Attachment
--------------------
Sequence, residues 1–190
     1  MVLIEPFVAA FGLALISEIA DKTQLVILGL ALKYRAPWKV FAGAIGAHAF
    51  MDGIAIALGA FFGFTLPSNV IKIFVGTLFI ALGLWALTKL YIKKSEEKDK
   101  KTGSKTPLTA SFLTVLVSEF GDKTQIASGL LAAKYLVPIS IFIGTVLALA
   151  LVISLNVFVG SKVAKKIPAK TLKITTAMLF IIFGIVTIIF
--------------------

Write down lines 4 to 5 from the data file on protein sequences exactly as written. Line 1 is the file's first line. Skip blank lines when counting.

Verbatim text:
   101  KTGSKTPLTA SFLTVLVSEF GDKTQIASGL LAAKYLVPIS IFIGTVLALA
   151  LVISLNVFVG SKVAKKIPAK TLKITTAMLF IIFGIVTIIF